Introduced. Annual or winter annual. Propagates by seeds.

Time of bloom: June to August.

Seed-time: July to September.

Range: Newfoundland to Alaska, southward to North Carolina and Tennessee.

Habitat: In fields and along streams.

The foliage and, particularly, the seeds of this weed are very bitter, and when milch cattle eat it the dairy products are much damaged; also its juices are said to be so irritating to mucous surfaces as to bring about serious bowel disorders in stock. Its Greek name means "to draw blisters."

Stem eight inches to two feet tall, slender, and branching. Leaves lance-shaped to linear, entire or sparingly toothed, the lower ones tapering to a short petiole, the upper ones sessile; the whole plant minutely roughened with fine, forking hairs. Flowers about a quarter-inch broad, bright yellow; racemes slender, the siliques four-sided, narrow, smooth, a half-inch to an inch long, held erect on divergent pedicels, making a noticeable elbow between the pod and its stem. Seeds small, reddish yellow, varying in shape from being crowded in the pods but approaching a flattened oval; too often an impurity among clover seeds. (Fig. 138.)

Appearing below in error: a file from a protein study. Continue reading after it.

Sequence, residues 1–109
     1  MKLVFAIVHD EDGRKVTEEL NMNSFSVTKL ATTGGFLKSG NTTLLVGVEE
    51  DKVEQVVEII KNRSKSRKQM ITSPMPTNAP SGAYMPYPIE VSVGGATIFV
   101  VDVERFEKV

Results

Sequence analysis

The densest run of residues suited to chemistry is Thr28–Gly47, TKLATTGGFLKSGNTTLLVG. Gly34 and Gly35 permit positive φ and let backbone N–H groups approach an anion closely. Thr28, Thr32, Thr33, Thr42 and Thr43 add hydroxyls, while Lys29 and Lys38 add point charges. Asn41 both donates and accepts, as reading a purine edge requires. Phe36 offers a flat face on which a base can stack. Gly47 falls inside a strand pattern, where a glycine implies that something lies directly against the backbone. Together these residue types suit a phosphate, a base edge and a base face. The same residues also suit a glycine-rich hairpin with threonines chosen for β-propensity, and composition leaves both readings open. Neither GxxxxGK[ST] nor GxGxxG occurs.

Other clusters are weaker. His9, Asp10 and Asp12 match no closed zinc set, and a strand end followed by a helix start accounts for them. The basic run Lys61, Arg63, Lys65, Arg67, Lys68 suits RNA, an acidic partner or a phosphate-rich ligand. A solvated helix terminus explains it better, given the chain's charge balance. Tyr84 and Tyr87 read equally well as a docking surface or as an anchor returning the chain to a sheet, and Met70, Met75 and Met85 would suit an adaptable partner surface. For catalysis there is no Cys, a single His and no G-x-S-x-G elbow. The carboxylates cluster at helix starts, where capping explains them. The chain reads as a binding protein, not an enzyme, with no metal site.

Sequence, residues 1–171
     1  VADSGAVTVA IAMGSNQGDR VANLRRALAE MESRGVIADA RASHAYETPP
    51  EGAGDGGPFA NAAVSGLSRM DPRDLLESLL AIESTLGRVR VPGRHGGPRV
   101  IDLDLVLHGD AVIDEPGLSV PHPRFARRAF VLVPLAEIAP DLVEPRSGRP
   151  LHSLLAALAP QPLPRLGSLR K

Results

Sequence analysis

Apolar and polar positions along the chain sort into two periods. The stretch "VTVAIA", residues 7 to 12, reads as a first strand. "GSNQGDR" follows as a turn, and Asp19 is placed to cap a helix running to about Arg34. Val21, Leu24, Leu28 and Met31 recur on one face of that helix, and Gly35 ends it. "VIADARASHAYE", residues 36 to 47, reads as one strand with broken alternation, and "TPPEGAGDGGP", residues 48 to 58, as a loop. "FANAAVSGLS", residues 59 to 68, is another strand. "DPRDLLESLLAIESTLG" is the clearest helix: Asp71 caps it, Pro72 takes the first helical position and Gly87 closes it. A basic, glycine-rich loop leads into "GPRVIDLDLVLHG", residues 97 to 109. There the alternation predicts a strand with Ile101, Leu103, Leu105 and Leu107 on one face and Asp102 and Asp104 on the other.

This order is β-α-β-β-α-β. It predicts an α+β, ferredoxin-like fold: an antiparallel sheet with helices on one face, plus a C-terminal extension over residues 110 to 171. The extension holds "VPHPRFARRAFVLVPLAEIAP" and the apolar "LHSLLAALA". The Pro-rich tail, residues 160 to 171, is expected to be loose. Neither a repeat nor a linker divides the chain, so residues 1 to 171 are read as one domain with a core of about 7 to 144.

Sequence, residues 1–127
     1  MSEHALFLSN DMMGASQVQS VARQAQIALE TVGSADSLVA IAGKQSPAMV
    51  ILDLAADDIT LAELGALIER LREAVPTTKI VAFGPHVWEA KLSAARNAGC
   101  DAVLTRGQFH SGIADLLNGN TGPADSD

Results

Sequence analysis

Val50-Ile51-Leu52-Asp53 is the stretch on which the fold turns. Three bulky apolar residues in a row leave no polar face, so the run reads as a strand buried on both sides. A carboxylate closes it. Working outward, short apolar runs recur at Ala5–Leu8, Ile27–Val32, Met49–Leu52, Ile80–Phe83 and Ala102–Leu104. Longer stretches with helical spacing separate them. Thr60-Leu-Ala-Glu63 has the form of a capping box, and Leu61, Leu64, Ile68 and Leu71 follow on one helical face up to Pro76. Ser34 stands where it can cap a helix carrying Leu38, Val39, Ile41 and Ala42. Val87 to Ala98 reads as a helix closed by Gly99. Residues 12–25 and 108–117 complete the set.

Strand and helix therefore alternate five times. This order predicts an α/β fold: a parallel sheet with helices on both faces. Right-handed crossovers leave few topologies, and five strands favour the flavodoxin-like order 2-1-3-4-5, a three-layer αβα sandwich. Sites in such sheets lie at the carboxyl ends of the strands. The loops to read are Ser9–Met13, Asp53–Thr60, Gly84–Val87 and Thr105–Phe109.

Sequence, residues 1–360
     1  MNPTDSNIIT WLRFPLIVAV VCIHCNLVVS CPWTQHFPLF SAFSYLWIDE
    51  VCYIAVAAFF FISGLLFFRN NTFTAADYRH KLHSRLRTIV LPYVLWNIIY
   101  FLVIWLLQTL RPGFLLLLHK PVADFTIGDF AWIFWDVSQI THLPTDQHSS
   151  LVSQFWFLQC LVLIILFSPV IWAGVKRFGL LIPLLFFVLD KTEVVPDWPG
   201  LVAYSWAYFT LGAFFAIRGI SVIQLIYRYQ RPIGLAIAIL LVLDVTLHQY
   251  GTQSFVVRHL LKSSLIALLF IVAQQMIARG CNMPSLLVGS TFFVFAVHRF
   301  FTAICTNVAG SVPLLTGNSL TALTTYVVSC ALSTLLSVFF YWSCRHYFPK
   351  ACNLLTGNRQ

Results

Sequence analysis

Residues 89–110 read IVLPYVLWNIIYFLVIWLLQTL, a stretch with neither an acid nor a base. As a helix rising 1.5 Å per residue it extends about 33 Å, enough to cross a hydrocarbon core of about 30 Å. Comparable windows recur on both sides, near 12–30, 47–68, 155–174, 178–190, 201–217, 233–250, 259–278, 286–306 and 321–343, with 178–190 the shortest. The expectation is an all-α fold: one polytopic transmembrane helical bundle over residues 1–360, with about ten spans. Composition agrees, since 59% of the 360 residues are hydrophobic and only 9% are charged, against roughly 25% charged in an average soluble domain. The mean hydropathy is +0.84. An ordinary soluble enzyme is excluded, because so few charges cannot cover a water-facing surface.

Means of control the same as for Field Peppergrass.

Fig. 138.  Worm seed Mustard (Erysimum cheiranthoides). X 1/4.

Fig. 138. -Worm-seed Mustard (Erysimum cheiranthoides). X 1/4.